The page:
Let food be thy medicine and medicine be thy food,” the age-old adage by Hippocrates, is certainly no obscure and loose dogma of early antiquity but the tenet of today. The new generation’s relationship with food is a mess, with many youngsters accustomed to a processed, unbalanced diet. We have become reliant on ready-to-cook meals, takeaways and off-the-shelf snacks. With poor nutrition โปรไบโอติกส์ comes illness, often debilitating at an individual level and the cause of enormous social and economic expense.
Although we know benefits of eating good food, many of us just don’t do enough to make fundamental changes to our diet. Rather than eat even more fruit and vegetables and a good balance of complex carbohydrate and protein-foods, we have been increasingly turning to foods and drinks fortified with specific nutrients or ‘good’ bacteria -as a ‘magic fix’ for the unbalanced lives.
The healthy, human gut contains an incredible number of beneficial bacteria. It is a symbiotic relationship: Our intestines create a good habitat for the bacteria, and in exchange they help us digest our food, crowd out parasites (such as food-borne pathogens), strengthen the gut’s immune response, and also manufacture certain nutrients, such as vitamins B12 and K. Antibiotics, chronic illness, or a diet high in sugar or processed food items can disrupt the natural flora of the digestive tract and create health problems such as for example indigestion, constipation, yeast overgrowth, and lowered immune function. With the growing interest in self-care and integrative medicine, recognition of the hyperlink between diet and health has never been stronger.
As a result, the market for functional foods, or foods that promote health beyond providing basic nutrition, is flourishing. Within the functional foods movement is the small but rapidly expanding arena of probiotics – live microorganisms, which, when administered in adequate amounts, confer a health benefit on the host. Probiotics beneficially affect an individual by improving intestinal microbial balance. Usage of probiotic has been since forever: from sauerkraut in Russia to cheese in Baghdad and vegetables buried in earthen pots by Native Americans, these foods have been prized since ancient times. However, we’ve lost our connection with these food types in modern days, so that they often seem so foreign. After growing up with refrigeration and worries of “germs”, it seems “wrong” to leave things on the counter to sour. The smell and taste is different from what we’re used to presenting.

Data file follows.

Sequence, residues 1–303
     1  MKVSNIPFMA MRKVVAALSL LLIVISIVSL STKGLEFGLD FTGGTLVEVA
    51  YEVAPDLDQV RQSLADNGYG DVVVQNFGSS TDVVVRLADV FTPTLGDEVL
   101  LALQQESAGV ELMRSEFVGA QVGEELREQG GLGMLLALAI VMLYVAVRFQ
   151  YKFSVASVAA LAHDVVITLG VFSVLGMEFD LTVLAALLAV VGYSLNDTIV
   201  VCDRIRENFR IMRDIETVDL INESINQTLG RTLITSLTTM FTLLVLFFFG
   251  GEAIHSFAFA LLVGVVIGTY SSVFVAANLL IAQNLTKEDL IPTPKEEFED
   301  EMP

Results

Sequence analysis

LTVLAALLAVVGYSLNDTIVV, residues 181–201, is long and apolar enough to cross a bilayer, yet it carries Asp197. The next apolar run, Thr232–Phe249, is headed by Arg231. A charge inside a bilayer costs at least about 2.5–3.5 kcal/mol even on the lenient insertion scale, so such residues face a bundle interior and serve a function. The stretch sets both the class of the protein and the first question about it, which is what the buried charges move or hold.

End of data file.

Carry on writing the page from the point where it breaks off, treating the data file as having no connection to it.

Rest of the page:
The traditional sources for beneficial bacteria are fermented foods, which are created by culturing fresh foods like milk or vegetables with live bacteria (usually a lactobacillus). Nearly every food culture features some form of fermented food, such as miso, yogurt, kefir, fresh cheese, sauerkraut, etc. Traditionally, these foods would be eaten daily, in part, to keep the gut well-stocked with beneficial bacteria. In these foods and in probiotics supplements, the bacteria may have been present originally or added during preparation. Frequently, they come from two groups of bacteria, Lactobacillus or Bifidobacterium. Within each group, you can find different species (for instance, Lactobacillus acidophilus and Bifidobacterium bifidus), and within each species, different strains.
Probiotics help maintain and restore the delicate balance of both “good” and “bad” bacteria necessary for a healthy digestive tract. Without that balance, harmful bacteria can multiply and dominate, causing gastrointestinal problems such as for example diarrhoea or abdominal pain. Most of us have taken antibiotics and suffered unwanted effects of diarrhea or intestinal pain and distress. It is because some antibiotics destroy both good and bad bacteria in the digestive tract, thereby upsetting the total amount. Stress can affect some people in this same way, by reducing good bacteria, thereby allowing harmful bacteria to multiply and dominate.
Probiotics bacteria might help relieve the outward symptoms of inflammatory bowel diseases, irritable bowel syndrome, colitis and alcoholic liver disease. The probiotics bacteria may help relieve constipation by improving intestinal mobility. Various forms of lactic acid bacteria added when manufacturing yogurt, acidophilus milk and fermented milk products such as kefir might help lessen the effects of lactose intolerance. This inability to digest the sugars that occur naturally in milk affects nearly 70 percent of the world’s population.
Addititionally there is evidence that probiotics may help to prevent certain forms of allergies because they have a brilliant effect on mucous membranes.
Although testing on humans is bound, preliminary evidence demonstrates probiotics can help raise the immune system. Studies of the result of probiotics consumption on cancer appear promising. Animal and in vitro studies indicate that probiotics bacteria may reduce cancer of the colon risk by reducing the incidence and number of tumors.. Scientists have identified good bacteria already living in some humans that target and trap HIV and may protect against infection. “I really believe every life form has its natural enemy, and HIV shouldn’t be the exception,” says Dr. Lin Tao, Associate Professor of the Department of Oral Biology, College of Dentistry, and University of Illinois at Chicago. “If we are able to find its natural enemy, we are able to control the spread of HIV naturally and cost-effectively, in the same way we use cats to control mice.”